Foundational role of biometrics for digital identity credentials discussed in IBIA paper
The International Biometrics + Identity Association (IBIA) has published a report examining the transition which is beginning towards the use of digital identity credentials replacing physical documents. A series of core principles that must be addressed to support the transition are considered, along with implementation considerations, necessary life cycle process support, and important differences between physical and digital credentials.
The “Principles for the Implementation and Use of Biometrically Enabled Mobile Identity Credentials” paper is an initiative of the IBIA Mobility working group, and argues that the billions of smartphones already possessed by people around the world are the natural platform for digital driver’s licenses and travel documents to be hosted on.
Core principles identified include the assertion of the same identity and requisite privileges as the physical credential the digital one is derived from, adherence to international standards that define the credential and its contents, and the foundational role of biometrics in any physical or digital identity credential. The report also notes the requirement of robust document authentication processes for source identity documents to support self-service processes, and the inherent importance of facial recognition matching to successful digital credentialing.
The report was written by Aware Director of Business Development Magruder Dent, Innovatrics Business Development Manager for North America Bill Dumont, Acuant Senior Account Executive for Government Systems Paul Townsend, HID Global Product Director for goID Jean-Baptiste Milan, and IBIA Executive Director Tovah LaDier.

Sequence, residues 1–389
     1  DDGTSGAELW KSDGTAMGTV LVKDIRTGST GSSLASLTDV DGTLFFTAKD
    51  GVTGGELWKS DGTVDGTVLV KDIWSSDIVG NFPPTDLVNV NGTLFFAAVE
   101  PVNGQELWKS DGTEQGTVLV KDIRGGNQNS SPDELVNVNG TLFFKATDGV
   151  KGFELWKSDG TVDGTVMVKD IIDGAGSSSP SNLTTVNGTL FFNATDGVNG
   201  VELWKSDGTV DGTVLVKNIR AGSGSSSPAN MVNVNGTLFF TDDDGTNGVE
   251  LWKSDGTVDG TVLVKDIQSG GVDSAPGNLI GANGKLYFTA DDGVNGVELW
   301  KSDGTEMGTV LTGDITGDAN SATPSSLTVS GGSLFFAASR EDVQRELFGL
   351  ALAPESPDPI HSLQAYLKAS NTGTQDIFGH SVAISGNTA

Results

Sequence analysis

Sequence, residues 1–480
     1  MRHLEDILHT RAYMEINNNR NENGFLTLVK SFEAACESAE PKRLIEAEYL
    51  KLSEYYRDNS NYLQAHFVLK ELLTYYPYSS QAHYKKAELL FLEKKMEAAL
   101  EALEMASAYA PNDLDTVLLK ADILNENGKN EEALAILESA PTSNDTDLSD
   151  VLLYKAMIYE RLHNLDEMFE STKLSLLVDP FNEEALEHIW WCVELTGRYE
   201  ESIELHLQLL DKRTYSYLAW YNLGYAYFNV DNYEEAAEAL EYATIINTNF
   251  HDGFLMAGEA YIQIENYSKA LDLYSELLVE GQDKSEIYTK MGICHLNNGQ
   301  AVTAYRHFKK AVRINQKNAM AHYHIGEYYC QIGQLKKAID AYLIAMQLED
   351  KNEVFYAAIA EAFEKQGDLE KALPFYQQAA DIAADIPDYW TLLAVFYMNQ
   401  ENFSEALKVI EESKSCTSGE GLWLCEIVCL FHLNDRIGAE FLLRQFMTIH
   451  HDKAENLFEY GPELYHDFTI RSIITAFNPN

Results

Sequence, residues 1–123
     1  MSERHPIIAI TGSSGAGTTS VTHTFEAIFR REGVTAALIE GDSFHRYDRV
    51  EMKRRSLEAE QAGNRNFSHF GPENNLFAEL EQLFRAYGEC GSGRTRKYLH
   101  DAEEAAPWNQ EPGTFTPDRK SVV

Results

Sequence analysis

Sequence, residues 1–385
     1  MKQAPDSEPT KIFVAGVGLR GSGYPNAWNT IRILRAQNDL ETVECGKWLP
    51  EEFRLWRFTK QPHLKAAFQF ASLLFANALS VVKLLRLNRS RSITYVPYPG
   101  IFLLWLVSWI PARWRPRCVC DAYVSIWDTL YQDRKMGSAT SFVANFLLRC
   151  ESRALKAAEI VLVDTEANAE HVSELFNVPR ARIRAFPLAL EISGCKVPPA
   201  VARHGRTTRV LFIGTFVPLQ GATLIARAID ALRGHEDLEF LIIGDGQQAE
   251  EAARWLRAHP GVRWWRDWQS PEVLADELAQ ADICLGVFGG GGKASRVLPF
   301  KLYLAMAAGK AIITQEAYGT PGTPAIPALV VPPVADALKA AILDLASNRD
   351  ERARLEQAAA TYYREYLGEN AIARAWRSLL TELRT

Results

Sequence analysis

International standards include ISO 18013-5 for mobile Driver’s Licenses (mDLs) and ICAO 9303/ISO 7501 for ePassports and Digital Travel Credentials (DTCs). The IBIA document notes that the storage of personal information in digital credentials in a Logical Data Structure (LDS) with cryptographic protection from the Issuer’s Public Key Infrastructure (PKI), data remains sound and interoperable over time, proves the authenticity of the credential in use, and supports biometric identity verification. Digital credentials can support a wide variety of use cases with increased personal data control, and reducing the relying party’s risk with automated technologies for credential checks.
Considerations for authentication mechanisms, enrollment, and various processes utilizing mobile digital credentials are examined.
Travel credentials like ePassports and mDLs will be among the main forms of digital identity that are forecast by Goode Intelligence to reach 3 billion distributed by 2025.